There are a lot of things we didn’t learn in health class that we probably should have. Things like bladder and bowel health, what’s normal with your period (and what’s not), and signs of pelvic floor dysfunction are all neglected in your traditional health and sex-ed curriculum. And unless your parent is a urologist, gynecologist, gastroenterologist, or pelvic health specialist, chances are you didn’t learn these things at home either.
One major thing that affects us ALL but many people don’t know, even as adults, is how to properly poop! And on top of that, many people don’t realize the signs and symptoms of constipation and how that can impact other aspects of your pelvic floor and bladder health.
So, let’s talk pooping 101 and everything you should have learned in health class about going number two.
How Often Should You Be Pooping
Let’s start by addressing that there is a wide range of what is considered “normal” when it comes to bowel movements. Normal pooping frequency is as often as three times a day (3x/day) to three times a week (3x/week). That’s right, you do NOT have to poop every day to be considered “normal”, but you should be going consistently based on your normal frequency. For instance, if you typically poop twice a day and then start having bowel movements every other day, this could be a sign of constipation. On the flip side, if you typically go 2-3x/week and then start going multiple times a day, this could be a sign of GI distress.
Ideally, you should also be pooping around the same time of the day with every bowel movement. The majority of people have bowel movements within the first few hours of waking, but if you find yourself going in the afternoon or evening, that’s fine too! As long as it’s consistent and predictable for YOU.
Defining Your Poop
When it comes to understanding how to properly poop, it’s also important to talk about the different types of stool. When we define our stool, it’s surprising how many people don’t know that they’re actually constipated. People think that as long as they are pooping on a daily basis, they can’t be constipated, but that’s actually not the case. In addition to the frequency of bowel movements, we also need to look at the quality of our stool to determine if it’s too hard, too soft, or just right.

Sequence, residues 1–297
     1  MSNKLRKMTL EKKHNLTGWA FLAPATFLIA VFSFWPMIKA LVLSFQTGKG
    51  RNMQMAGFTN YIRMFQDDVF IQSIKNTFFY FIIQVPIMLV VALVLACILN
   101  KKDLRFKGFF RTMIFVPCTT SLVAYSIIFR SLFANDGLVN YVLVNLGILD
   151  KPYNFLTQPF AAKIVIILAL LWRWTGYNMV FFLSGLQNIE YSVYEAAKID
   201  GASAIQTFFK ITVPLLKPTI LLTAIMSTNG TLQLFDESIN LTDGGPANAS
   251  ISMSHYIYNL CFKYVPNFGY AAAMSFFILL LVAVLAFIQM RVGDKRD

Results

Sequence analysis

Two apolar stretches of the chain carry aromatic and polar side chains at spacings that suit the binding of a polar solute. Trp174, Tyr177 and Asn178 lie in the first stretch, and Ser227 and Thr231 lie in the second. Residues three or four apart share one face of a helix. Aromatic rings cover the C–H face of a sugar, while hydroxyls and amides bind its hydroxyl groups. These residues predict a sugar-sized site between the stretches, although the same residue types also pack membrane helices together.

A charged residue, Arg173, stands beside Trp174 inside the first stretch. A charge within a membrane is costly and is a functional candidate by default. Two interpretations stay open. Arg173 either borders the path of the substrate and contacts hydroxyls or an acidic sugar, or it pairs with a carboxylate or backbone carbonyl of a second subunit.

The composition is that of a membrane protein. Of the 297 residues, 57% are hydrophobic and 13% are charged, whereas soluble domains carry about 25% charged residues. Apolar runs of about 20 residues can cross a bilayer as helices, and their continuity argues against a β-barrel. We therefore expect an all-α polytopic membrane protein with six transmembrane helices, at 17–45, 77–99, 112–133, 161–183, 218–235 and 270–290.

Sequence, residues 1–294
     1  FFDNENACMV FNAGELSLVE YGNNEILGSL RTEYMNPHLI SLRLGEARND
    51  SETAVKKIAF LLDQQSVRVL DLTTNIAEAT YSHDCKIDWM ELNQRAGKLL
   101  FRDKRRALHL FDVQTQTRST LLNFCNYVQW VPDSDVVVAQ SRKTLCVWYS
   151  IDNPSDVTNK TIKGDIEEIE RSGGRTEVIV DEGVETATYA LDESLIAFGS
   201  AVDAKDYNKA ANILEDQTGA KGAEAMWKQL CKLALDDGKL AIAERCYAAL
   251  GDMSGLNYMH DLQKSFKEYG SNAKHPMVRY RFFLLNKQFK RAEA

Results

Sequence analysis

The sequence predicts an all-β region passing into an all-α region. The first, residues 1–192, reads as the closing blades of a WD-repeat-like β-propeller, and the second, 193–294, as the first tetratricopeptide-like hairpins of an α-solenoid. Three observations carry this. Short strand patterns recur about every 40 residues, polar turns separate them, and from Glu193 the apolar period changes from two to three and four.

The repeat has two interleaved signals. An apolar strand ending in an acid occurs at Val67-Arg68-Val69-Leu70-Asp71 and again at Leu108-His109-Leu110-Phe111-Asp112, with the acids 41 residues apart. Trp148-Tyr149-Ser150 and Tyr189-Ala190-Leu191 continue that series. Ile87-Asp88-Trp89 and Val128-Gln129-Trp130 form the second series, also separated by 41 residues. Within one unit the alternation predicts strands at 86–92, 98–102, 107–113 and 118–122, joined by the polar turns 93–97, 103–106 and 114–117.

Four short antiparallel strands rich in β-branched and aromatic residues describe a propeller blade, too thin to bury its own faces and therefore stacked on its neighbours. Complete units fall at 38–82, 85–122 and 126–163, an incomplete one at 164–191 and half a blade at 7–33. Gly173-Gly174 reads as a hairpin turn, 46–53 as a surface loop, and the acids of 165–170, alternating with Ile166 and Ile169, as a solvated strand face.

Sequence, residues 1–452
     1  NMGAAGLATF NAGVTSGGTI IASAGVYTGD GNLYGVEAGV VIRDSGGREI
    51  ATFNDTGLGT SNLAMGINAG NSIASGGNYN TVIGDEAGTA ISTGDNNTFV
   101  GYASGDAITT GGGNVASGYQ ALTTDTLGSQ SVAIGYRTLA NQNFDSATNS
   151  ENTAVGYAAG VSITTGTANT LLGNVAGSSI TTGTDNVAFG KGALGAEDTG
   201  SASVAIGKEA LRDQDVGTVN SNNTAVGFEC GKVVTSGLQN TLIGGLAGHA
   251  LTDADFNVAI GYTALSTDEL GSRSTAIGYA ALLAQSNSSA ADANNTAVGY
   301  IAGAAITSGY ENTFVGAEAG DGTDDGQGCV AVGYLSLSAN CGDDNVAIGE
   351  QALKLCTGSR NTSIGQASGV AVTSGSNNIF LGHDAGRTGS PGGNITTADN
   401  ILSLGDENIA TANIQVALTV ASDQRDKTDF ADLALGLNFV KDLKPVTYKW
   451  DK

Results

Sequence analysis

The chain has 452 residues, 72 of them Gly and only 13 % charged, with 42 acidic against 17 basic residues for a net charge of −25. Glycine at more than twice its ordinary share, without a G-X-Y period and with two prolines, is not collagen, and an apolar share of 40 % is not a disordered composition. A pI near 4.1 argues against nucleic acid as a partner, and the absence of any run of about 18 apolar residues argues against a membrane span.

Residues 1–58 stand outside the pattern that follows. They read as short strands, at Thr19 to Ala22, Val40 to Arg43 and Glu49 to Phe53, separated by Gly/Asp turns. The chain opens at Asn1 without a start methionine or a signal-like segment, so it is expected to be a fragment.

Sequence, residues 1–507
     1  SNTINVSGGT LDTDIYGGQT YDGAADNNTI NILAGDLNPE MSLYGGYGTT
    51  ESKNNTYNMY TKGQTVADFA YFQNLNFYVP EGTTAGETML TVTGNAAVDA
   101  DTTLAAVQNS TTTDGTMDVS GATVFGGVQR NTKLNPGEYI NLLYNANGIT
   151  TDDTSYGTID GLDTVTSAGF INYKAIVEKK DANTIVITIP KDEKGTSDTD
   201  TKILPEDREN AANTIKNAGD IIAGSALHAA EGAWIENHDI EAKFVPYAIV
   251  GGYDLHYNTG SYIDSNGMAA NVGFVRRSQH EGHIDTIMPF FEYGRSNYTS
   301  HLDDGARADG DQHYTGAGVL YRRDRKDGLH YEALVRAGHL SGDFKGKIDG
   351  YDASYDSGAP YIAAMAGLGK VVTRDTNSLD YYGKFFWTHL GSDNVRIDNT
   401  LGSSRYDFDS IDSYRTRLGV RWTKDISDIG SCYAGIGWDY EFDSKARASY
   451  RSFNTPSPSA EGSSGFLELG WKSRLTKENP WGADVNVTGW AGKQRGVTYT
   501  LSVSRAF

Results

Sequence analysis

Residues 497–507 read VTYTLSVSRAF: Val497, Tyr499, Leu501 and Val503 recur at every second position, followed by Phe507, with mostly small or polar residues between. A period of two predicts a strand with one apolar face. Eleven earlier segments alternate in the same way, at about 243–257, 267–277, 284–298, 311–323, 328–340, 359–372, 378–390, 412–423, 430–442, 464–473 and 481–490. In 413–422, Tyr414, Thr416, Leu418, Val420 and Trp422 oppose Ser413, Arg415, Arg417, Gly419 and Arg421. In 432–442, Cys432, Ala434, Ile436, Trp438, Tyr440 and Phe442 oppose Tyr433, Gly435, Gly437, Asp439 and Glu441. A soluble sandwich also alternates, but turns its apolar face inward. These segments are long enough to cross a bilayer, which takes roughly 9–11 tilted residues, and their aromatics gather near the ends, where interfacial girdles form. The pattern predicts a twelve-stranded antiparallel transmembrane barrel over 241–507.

For this, we use the Bristol Stool Scale. This is a chart that looks at seven different types of poop and can help us determine if things are normal or abnormal. Types 1 and 2 signal mild to severe constipation, whereas Types 5, 6, and 7 signal looser, more diarrhea–like poops. To be considered “normal”, we want Type 3 or 4 which is well formed and easy to pass.
How to Poop for Better Pelvic Health
Now that we’ve discussed normal voiding frequency and the type of stool you should be passing, let’s talk about how you should be pooping. Bowel movements in general should be easy to pass and should not involve straining or forceful pushing. In fact, pooping should be a passive task, meaning you get the urge, you sit down on the toilet, and within a minute or two you have completely emptied with little to no effort. (say whatttt???)
For some people, that may sound impossible because you’ve spent your whole life pushing and straining to get the poop out for several minutes every time. That’s not how it should be and these methods put a lot of additional pressure on the pelvic floor which can lead to hemorrhoids, prolapse, incontinence, and general weakness in the pelvic floor.
When it comes to pooping, you should be having a bowel movement when you get the urge. This means that the internal anal sphincter (which we don’t control) has relaxed and we can now empty our bowels. Without this urge, it’s like pushing against a closed door and will make it very difficult and sometimes painful to poop. The urge usually only lasts about 10 minutes and after that the internal sphincter tightens up and we have to wait until the next urge to have a successful bowel movement.
Once you get the urge to poop, it’s important that we get in the optimal position to empty the bowels. The newer American toilets are made taller than they used to be, which doesn’t put your pelvis, hips, or colon in an ideal alignment to make this happen. For positioning, you want your knees higher than your hips and your feet completely supported so that your pelvic floor can relax and the stool can empty with ease. That’s why the squatty potty has gained so much popularity over the last decade! It’s perfect for getting you in the best position for bowel movements and reducing strain on your pelvic floor. If your knees are lower than your hips, the angle of the rectum is greater and the pelvic floor can’t fully relax, which makes it much harder to evacuate stool.
Once in the proper position, you’ll want to lean slightly forward at the hips and prop your elbows on your knees. Take a few deep belly breaths and try to let your glutes, abdomen, and pelvic floor relax. As you exhale through your mouth, gently bear down through your abdomen and into your glutes. This should allow the stool to slide out with ease and minimal effort. If you have the right stool type and optimal position, it really should be that easy and quick!
Curious to learn a little bit more about how pelvic health physical therapy can help you have better poops? Schedule your FREE 10-minute consult call today ✨
Be empowered in education,
OrthoPelvic Physical Therapy